Torque with Lions
- Achaemenid period (6th - 4th century B.C.)
Achaemenid period (6th‐4th century B.C.)
W. 23.1 cm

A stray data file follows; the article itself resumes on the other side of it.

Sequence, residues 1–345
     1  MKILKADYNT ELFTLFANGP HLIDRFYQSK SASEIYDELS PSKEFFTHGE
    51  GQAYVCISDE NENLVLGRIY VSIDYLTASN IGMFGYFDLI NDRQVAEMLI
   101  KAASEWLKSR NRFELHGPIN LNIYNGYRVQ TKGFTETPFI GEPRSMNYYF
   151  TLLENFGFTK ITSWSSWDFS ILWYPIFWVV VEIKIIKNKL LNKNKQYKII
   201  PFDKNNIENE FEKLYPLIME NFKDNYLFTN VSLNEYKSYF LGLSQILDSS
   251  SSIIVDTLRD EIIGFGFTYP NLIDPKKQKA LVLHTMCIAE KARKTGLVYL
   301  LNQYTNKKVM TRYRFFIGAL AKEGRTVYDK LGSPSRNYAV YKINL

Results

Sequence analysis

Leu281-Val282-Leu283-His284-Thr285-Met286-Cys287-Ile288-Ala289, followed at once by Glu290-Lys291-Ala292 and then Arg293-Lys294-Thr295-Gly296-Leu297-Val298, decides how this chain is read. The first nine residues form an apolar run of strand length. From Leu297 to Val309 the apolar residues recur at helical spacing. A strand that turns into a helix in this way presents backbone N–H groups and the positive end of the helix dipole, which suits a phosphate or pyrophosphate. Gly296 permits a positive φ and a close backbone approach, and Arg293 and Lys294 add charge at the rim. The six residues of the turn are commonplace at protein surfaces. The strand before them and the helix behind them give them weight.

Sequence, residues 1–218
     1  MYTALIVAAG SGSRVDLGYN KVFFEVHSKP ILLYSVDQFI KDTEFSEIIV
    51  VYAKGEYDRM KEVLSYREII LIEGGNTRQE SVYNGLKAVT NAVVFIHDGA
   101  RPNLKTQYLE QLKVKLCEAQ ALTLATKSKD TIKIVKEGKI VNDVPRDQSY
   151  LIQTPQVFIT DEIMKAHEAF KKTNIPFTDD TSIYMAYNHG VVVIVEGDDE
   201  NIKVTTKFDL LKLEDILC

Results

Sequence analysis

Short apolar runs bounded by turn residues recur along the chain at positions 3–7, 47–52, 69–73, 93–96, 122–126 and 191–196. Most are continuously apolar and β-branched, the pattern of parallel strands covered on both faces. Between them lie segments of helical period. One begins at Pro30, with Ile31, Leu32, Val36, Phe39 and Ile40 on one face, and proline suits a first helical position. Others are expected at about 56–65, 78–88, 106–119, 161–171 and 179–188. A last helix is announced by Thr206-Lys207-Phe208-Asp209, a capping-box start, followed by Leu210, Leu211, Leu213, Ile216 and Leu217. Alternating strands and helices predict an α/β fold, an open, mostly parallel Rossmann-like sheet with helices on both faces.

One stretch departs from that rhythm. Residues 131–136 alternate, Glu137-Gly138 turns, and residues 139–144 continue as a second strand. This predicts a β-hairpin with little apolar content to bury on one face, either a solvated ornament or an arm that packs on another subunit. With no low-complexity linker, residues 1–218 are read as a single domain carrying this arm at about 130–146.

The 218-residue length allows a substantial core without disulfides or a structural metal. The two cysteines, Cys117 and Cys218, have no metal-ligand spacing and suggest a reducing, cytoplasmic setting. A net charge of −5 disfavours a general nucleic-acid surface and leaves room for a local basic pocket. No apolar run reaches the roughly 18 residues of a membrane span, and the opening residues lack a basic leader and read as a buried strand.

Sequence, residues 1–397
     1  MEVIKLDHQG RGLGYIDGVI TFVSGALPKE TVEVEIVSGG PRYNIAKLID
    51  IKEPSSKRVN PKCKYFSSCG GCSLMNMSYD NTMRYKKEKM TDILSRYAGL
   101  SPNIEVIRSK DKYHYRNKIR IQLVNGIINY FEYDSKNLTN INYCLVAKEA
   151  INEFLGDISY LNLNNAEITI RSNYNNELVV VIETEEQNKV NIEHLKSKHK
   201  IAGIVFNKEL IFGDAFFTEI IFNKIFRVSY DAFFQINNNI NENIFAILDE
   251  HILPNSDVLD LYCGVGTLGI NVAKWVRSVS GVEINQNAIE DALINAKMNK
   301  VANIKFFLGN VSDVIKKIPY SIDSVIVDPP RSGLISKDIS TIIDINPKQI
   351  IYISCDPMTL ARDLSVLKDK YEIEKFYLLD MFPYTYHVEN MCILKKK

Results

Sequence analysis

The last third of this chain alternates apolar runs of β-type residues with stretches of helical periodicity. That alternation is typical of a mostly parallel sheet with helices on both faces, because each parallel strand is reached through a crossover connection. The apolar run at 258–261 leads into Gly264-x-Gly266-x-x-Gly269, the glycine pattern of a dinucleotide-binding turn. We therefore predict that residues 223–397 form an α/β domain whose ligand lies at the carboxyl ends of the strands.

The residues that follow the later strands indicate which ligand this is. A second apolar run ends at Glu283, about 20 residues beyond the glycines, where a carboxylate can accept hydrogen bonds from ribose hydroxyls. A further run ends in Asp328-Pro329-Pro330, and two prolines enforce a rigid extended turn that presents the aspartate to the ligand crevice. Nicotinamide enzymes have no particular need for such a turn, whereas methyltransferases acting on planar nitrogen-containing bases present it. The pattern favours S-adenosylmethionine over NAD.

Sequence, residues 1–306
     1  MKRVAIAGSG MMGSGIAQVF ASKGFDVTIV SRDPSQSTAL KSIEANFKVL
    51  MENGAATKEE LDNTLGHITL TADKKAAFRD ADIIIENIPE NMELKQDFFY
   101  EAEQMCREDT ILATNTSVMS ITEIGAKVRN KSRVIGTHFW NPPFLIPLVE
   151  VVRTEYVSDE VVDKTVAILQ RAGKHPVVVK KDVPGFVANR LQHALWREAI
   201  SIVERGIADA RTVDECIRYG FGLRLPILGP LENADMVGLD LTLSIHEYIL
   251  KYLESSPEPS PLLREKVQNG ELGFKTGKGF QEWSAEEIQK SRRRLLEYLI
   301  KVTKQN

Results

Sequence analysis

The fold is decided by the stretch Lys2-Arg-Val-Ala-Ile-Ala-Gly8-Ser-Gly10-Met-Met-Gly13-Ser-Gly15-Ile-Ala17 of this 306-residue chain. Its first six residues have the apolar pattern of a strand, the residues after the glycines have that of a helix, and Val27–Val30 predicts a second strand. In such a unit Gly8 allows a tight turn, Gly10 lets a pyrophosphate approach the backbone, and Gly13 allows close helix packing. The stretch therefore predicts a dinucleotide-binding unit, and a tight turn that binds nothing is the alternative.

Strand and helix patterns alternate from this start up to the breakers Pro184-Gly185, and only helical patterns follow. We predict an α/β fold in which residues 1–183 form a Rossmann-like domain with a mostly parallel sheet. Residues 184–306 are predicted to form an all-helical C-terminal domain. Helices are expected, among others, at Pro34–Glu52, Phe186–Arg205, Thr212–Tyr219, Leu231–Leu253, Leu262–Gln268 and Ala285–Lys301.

A gold rod with a diameter of 4.5 mm was incised with a cord pattern and then curved into a circular torque with the decorated side of the rod facing outward. Approximately 1/4 of the torque doubles over itself, with each end of the rod fitted with a separately formed three-dimensional lion form. The lions each face outward with mouths open and all four legs and tails extended straight forward and backward. The backs and rumps of the lions are marked with the crescent and comma design. The forelegs are divided into two sections, and the hind legs show a circular form between two rectangular forms. These carved out areas form depressions which were used by the Achaemenid artists to show animal musculature, and would have been originally inlaid with precious gems or glass.